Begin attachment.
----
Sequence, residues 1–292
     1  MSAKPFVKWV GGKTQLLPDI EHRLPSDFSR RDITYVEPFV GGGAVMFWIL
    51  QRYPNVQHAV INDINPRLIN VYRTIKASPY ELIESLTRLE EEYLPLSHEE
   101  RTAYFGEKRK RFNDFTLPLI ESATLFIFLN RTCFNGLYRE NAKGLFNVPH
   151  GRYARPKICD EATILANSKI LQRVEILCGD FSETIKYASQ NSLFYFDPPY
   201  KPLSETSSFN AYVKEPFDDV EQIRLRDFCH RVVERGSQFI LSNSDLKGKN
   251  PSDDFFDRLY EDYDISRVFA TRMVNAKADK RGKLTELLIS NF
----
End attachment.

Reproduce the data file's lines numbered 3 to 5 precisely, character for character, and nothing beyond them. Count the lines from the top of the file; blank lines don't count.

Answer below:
    51  QRYPNVQHAV INDINPRLIN VYRTIKASPY ELIESLTRLE EEYLPLSHEE
   101  RTAYFGEKRK RFNDFTLPLI ESATLFIFLN RTCFNGLYRE NAKGLFNVPH
   151  GRYARPKICD EATILANSKI LQRVEILCGD FSETIKYASQ NSLFYFDPPY